Carbon County Sheriff Barry Bryner is probably feeling like a long-tailed cat in a room full of rocking chairs.
Since Wednesday morning, Bryner, 40, has been charged with two crimes, including one felony; has been stripped of his peace officer powers, and has been called to face the Carbon County Commission which wants to suspend him and withhold his pay.Not to mention, he also faces permanent decertification from Peace Officers Standards and Training, the state department that certifies law enforcement officers, for other alleged misconduct.
Bryner's tumultuous career took another strange twist Wednesday when POST stripped him of his law enforcement powers - the first time POST has taken such an action. It was a temporary measure short of permanent decertification.
Meanwhile, the Carbon County Commission called a special session for 8 p.m. Thursday to suspend Bryner without pay and to appoint a temporary acting sheriff, said County Clerk Norm Prichard. Prichard said the meeting will be an open session.
According to Carbon County Commissioner William Krompel, the sheriff can be removed only for malfeasance in office or conviction of a criminal act. The suspension and withholding of pay is an interim step until the criminal charges against Bryner are resolved.
Bryner was arrested after leading several officers on a chase between Helper and Price early Wednesday and then holding officers at bay for nearly two hours before being subdued.
Bryner, who is being held in his room under armed guard, is listed in fair condition at Castleview Hospital with minor injuries. He was expected to be released Thursday.
Charges of failure to respond to an officer's signal to stop, a third-degree felony; and DUI, a Class B misdemeanor, were filed against him Wednesday in connection with the incident. He was to be arraigned Thursday afternoon on those charges before 7th Circuit Court Judge Bryce K. Bryner, according to the Carbon County attorney's office.
POST Director Clyde Palmer said Bryner's powers will remain suspended as long as he is perceived as a risk to the community. "This had to be done. He's getting too dangerous . . . ." said Palmer of the administrative action taken by POST.
POST is already reviewing whether Bryner should continue his job based on earlier complaints by Carbon County commissioners, residents and sheriff's office personnel accusing him of mishandling his duties, including having an affair with a dispatcher.
Bryner's attorney, Ronald J. Yengich, has until March 24 to file a brief with the administrative law judge hearing his case, after which the judge will recommend to POST officials, who will decide whether to force Bryner out of office. Bryner's latest troubles will not be considered in the decision.
They, however, will be the focus of a second administrative review involving the failure to respond and DUI charges - if, that is, Bryner chooses to contest POST's latest action.
"This is kind of like a new case," Palmer said, drawing the analogy to someone who is out on bail for one crime and commits another.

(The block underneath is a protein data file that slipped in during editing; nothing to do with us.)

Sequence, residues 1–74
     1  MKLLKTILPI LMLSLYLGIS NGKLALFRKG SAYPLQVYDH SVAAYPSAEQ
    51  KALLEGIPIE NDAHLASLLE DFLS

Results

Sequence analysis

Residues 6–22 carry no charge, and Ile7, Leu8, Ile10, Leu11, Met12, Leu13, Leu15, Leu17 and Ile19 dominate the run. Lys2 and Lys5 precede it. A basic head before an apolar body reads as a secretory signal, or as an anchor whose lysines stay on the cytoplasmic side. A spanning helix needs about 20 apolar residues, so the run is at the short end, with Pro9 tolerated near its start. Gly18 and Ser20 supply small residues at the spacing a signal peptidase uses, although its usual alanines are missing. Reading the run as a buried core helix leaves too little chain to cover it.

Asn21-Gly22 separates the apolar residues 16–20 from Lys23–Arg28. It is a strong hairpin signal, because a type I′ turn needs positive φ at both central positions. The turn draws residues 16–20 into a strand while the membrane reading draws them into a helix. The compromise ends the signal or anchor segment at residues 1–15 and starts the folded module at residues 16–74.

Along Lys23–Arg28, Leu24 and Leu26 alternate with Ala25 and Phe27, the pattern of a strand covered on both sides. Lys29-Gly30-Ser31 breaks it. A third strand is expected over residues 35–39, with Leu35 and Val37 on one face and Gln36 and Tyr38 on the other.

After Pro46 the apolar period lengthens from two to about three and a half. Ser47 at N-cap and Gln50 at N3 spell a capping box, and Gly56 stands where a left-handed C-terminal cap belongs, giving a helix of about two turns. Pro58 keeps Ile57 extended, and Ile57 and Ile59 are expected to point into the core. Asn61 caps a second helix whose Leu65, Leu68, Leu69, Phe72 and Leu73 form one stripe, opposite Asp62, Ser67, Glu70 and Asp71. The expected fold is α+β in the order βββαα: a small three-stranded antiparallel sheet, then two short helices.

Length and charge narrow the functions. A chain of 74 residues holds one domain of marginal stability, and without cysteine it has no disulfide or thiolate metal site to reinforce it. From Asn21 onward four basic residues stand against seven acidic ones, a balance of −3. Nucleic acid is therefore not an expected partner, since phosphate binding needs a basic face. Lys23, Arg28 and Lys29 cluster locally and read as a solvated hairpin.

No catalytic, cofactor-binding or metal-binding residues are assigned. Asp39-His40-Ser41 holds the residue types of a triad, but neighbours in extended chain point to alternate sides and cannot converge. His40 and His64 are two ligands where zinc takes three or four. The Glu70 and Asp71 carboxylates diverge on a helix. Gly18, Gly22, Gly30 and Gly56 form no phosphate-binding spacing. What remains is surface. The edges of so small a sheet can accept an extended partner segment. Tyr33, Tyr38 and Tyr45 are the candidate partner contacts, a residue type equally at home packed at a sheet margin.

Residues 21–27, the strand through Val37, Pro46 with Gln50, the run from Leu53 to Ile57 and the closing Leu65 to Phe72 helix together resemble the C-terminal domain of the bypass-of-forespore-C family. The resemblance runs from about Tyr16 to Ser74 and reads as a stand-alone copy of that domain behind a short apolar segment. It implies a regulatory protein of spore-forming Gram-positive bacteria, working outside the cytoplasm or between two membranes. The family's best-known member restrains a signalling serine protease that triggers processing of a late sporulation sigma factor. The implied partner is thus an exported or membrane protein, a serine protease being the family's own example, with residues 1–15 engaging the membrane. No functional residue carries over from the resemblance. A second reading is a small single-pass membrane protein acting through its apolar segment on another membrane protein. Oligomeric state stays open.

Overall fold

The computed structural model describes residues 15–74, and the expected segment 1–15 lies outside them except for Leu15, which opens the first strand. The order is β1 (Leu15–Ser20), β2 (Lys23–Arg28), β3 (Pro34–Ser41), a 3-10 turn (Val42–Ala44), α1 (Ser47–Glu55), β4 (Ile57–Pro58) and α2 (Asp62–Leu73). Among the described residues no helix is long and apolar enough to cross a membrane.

Wednesday's incident began about 2:36 a.m. when Price police officer Charlotte Sawyer observed a car being driven erratically on Main Street. When Sawyer attempted to pull the car over, the driver instead increased speed and tried to flee. The Price officer was joined by Carbon County sheriff's deputies, Wellington officers, and Utah Highway Patrol troopers during the 14-minute chase.
The car drove southeast through nearby Wellington before it spun around in the road and reversed direction. Officers continued the pursuit back toward Price when the driver apparently lost control just south of the city and the car skidded over a steep embankment, coming to rest in heavy brush. The driver crawled out of the vehicle and fled into a nearby wooded area.
About 10 officers and deputies surrounded the area. Chief Deputy Sheriff Jerald Cowan said Bryner talked to the officers although they could not see him well. Cowan was allowed to walk to the area where Bryner was hiding and the two began talking. Cowan said Price Police Chief Aleck Shilaos surprised Bryner and the two men subdued Bryner.
During the chase, a license plate check revealed that the vehicle was Bryner's unmarked car. After being subdued, Bryner was arrested and taken to the hospital for treatment and observation.
Only last week, Bryner, who has admitted to lies and sexual misconduct, was expelled from the Utah Sheriff's Association and encouraged to resign.
"The Utah Sheriff's Association will not tolerate the degradation of this office by any member. We abhor his admitted actions," said Duchesne County Sheriff Clair Poulson, association president.
Bryner's trouble began last March when a state-appointed team launched a management audit after controversy erupted over his hiring and firing practices. Although the audit report concluded that while law enforcement in Carbon County was "unfortunate," it did not suggest the sheriff be removed from office.
Palmer said complaints about the sheriff's office continued, however, prompting POST's investigation.
Bryner blamed his problems on the fact his opponent in the 1986 sheriff's race was Charles Semken, brother of County Commissioner Lee Semken.>